Between sales, marking, and executives; it seems like no one can reach consensus on what actually counts as a qualified lead. It only becomes more confusing as you start comparing the definition from industry to industry.
Some of the most common terms you’re likely to hear are:
To make things worse, some of these terms are actually interchangeable – it just depends on who you’re talking to.
In this blog, we’ll take you through all of these different types of B2B leads and give you some tips about how to start implementing consistent terminology in your business.
To keep things simple we’ll go through the different lead types in order of least likely to make a purchase to most likely.
A target lead or cold lead refers to a company that falls into your target market and is a good fit for your product or service but who hasn’t actually engaged with you yet.
You may have found the cold lead through research on tools like LinkedIn or by purchasing a list from a third-party vendor. At this point, there’s no indication that the company will ever buy from you other than the fact that you’re solution fits their business.
Cold leads generally require some outbound sales and marketing in order to move down the sales pipeline. This can include email marketing, calls, or targeted advertising.
In a nutshell, these leads have engaged with your brand in one way or another (visited your site, clicked your ad, downloaded a case study, came to your tradeshow booth, etc…); but at this point, no one on your team has confirmed whether they’re actually a fit for your solution.
Take a form being filled out on your website to download a case study, any number of people could have taken that action – for example; a student, someone in another country, someone at a start-up company, or maybe it’s someone who fits perfectly into your target market.
So, how do we move from an information qualified lead or marketing unqualified lead to the next level?
A marketing qualified lead or warm lead is a lead that meets a couple of criteria. #1 – preliminary research shows they fall into your target market and it appears as though your solution would be a good fit. #2 – they’ve engaged with your brand by visiting your website, clicking an ad or downloading collateral.
They could definitely be a possible opportunity but they haven’t taken enough actions for you to confidently assume they’ll move down the pipeline.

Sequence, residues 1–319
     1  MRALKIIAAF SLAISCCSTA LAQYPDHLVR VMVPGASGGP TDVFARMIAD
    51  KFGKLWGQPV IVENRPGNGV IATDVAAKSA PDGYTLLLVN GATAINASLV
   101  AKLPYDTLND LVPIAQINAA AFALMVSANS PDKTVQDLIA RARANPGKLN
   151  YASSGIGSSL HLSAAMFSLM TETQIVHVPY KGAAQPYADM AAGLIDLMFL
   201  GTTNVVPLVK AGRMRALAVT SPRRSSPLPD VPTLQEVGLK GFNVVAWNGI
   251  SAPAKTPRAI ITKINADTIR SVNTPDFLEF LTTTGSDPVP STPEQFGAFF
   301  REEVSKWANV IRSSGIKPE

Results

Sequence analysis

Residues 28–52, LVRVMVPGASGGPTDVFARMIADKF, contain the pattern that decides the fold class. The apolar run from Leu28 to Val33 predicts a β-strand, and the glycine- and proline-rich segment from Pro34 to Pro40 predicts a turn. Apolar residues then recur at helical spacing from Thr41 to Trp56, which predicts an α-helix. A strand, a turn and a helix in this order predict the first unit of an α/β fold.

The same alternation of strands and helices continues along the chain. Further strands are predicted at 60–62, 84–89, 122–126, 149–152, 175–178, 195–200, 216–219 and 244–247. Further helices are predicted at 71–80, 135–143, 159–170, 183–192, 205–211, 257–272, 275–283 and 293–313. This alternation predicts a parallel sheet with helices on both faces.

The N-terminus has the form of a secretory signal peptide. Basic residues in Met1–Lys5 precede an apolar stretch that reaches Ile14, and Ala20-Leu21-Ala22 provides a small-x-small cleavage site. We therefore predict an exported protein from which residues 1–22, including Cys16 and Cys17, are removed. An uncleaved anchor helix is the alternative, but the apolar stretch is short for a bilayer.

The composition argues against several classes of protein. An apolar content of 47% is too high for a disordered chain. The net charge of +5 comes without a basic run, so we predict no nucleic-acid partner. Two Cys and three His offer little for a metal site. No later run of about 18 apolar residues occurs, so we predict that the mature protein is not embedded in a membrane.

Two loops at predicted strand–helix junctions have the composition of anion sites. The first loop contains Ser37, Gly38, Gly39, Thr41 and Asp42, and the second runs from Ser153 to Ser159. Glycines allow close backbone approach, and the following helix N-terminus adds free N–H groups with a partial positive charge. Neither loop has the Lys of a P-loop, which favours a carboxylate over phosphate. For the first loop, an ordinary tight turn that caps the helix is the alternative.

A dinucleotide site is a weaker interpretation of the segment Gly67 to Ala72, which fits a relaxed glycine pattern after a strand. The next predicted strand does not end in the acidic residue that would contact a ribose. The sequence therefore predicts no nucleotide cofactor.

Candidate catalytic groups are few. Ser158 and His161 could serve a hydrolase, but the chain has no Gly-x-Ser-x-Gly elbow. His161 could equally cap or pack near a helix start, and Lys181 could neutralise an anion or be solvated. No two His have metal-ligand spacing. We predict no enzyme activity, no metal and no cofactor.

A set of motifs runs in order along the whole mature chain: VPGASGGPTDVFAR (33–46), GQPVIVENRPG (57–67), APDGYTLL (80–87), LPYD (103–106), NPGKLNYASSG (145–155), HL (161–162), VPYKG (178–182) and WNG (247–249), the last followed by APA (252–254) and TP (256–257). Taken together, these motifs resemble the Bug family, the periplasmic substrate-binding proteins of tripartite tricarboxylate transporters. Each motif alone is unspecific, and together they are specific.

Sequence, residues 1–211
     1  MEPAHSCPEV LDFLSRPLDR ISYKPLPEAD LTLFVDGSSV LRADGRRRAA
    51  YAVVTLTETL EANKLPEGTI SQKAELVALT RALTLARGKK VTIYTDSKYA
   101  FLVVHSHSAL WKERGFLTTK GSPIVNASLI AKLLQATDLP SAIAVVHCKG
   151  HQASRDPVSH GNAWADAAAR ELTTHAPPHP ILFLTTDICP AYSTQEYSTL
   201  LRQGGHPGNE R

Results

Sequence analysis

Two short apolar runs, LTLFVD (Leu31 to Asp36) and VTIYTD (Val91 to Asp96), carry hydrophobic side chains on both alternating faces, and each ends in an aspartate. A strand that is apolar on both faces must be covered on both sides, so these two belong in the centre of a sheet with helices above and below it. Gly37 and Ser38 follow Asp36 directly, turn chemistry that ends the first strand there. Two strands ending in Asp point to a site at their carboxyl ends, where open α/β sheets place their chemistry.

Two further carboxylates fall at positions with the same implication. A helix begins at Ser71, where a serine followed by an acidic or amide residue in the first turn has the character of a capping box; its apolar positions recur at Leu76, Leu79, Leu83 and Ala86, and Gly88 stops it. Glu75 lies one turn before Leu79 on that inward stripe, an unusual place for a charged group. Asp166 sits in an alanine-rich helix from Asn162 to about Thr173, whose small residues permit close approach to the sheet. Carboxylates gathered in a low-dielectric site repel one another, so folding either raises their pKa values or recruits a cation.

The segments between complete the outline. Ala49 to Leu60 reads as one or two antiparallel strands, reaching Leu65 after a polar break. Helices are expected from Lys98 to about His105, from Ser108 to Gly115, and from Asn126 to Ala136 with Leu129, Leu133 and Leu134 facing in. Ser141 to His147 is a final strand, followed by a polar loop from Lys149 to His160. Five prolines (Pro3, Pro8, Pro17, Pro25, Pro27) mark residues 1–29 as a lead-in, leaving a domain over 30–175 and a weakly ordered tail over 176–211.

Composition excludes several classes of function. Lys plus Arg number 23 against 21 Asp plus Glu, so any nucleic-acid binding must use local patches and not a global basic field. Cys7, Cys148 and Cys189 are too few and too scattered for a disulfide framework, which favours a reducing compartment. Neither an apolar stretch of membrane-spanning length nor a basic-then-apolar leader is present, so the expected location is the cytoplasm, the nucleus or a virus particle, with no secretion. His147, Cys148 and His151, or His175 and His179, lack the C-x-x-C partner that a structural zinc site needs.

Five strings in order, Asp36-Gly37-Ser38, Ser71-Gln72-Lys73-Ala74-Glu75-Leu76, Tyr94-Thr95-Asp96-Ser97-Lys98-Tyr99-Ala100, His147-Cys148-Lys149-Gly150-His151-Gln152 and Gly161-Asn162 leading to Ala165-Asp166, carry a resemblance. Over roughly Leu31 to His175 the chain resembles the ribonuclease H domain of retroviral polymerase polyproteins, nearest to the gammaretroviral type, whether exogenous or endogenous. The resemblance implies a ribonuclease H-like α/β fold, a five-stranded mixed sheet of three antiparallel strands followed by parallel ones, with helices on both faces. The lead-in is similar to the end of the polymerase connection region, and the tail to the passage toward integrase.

A good way to manage MQLs is to add them to a nurture campaign. Check out this blog for some tips on nurturing B2B leads.
Most exciting for any company is the prestigious sales qualified lead or hot lead. These leads have travelled through marketing, been handed off to sales and are ready for the next step in the sales process. This means they’re ready for a meeting with your sales team.
These leads have met all of your criteria and have taken multiple actions to show intent. Of course, that’s not always easy to determine unless they’re consistently filling out forms on your website. So how do you get around that? Conversion software. With conversion software, you can track a lead’s activity as they travel through the buyer’s journey. Whether they’re revisiting your website, opening emails, or reading your content on media publications – you’ll be able to get a 360 view.
Another thing to keep an eye out for is not just how often they’re engaging with your brand, but what specifically they’re engaging with. If they’re requesting free trials or downloading product specs then you can assume they’re SQLs.
Now you know what all these different definitions stand for, it’s important to share that information across all involved departments (including executives). Make sure everyone has the same understanding of the terms and consistently uses them in all communication from your CRM to internal emails and meetings. They may slip up at first, but over time, if you keep pushing the specified terms it’ll become second nature and make understanding your sales and marketing results so much easier.
About Gail Moch
Gail has a background in marketing and technology that she puts to use as ActiveConversion's marketing manager. She has a passion for innovation and creativity that she applies to all aspects of her life. When she isn't at the office, Gail can be found relaxing with her husband and two dogs.
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